With the migration to zero trust security architectures is in full swing in the Federal government, top agency technology executives shared their experience with effective strategies and technologies they have implemented thus far during an April 25 webinar organized by Federal News Network.

The zero trust concept has been around for many years, but has become a household word in security circles since President Biden’s 2021 executive order number 14028 that directed agencies to begin migrating toward the new standard.

While they weren’t yet calling it “zero trust,” agencies like the Central Intelligence Agency (CIA) were already working on key tenets before the 2021 executive order.

Terms like “least privilege access, network segmentation, robust audit and monitoring, and secure identity management have all been foundational to how [the CIA] delivers IT services to a very complex and agile global set of requirements,” said Ryon Klotz, deputy chief information officer (CIO) at CIA.

The CIA has made significant progress in its zero trust migration by bringing together elements of its IT enterprise under the CIO, the chief data officer, and the chief information security officer (CISO) to reside together under the digital director at the Directorate of Digital Innovation.

“That cohesive organizational leadership and prioritization approach has allowed us to put a lot of focus on many of the elements of our zero trust architecture,” said Klotz.

For the Department of Health and Human Services (HHS), implementing a zero trust architecture has been a challenge particularly because “HHS components vary in size, maturity, architecture, and mission,” said La Monte Yarborough, CISO at HHS.

“We’re at various levels due to our complexity and our levels of maturity concerning our zero trust network architectures,” he said.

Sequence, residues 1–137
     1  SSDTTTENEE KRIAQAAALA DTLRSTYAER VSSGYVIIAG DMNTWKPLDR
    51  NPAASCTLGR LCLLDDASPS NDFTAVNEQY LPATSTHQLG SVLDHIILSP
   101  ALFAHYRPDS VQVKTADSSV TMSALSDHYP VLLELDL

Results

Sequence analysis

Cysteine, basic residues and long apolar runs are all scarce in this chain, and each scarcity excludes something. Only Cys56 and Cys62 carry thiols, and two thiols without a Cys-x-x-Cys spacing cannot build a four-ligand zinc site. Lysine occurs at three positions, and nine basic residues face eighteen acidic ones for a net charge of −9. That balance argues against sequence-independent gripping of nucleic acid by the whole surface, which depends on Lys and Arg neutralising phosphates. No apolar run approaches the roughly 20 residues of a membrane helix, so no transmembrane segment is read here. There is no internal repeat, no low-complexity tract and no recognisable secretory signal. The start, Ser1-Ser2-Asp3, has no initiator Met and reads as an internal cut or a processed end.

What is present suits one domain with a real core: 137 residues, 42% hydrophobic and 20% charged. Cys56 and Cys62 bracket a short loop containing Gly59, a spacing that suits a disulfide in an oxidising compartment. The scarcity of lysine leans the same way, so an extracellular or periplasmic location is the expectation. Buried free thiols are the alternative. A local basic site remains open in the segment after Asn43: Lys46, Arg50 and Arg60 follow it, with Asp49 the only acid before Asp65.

Yarborough said that an effective strategy implemented by HHS to move forward with zero trust was the formation of a zero trust working group with representation from each element within HHS to share successes and challenges and identify opportunities where different areas of the department can address shared requirements together.

“[Our working group] has conducted gap assessments to identify priority areas and the department is working this year to assess baseline progress against our implementation plans to support future initiatives most effectively,” Yarborough said.

Similarly, the Transportation Security Administration (TSA) has taken steps toward implementing a zero trust architecture, but the agency still have a long way to go, according to John Samios, the chief system security officer at TSA.

One of the routes TSA has taken to move forward with zero trust is the Cybersecurity and Infrastructure Security Agency’s Continuous Diagnostics and Mitigation (CDM) Program, which delivers cybersecurity tools, integration services, and dashboards that help participating agencies improve their security posture.

For example, the CDM Program has helped TSA “with authentication by having already pre-defined and set up a credential management and privilege management,” Samios said.

Samios said there are several areas that TSA needs to continue to work on. One of those, he said, is network segmentation. TSA needs to get rid of flat networks anywhere they may exist and segment things “so that we can better control and contain things,” Samios said.

Another area TSA is continuing to work on is data tracking, which has been an ongoing challenge for the agency as it works to implement a zero trust architecture.

“Encrypting data is one thing, but to be able to tag it correctly and put it into three buckets and for the access controls is always a big challenge,” Samios said. “We’re working with teams to identify what we need to do to find what it means to be successful.”

According to industry experts, implementing emerging technologies could certainly help Federal agencies implement zero trust security, but it should not be the go-to solution.

“Technology is going to change, and the things that we put in place today that we think we’re going to have 100 percent secure identity is going to suddenly not be as secure tomorrow,” said Gary Barlet, Federal chief technology officer at Illumio.

Federal agencies need to pivot their focus to looking at the pillars of a zero trust architecture in a more holistic view, prepare for inevitable breaches, and build cybersecurity into workforce training, he added.

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Lisbeth Perez
Lisbeth Perez
Lisbeth Perez is a MeriTalk Senior Technology Reporter covering the intersection of government and technology.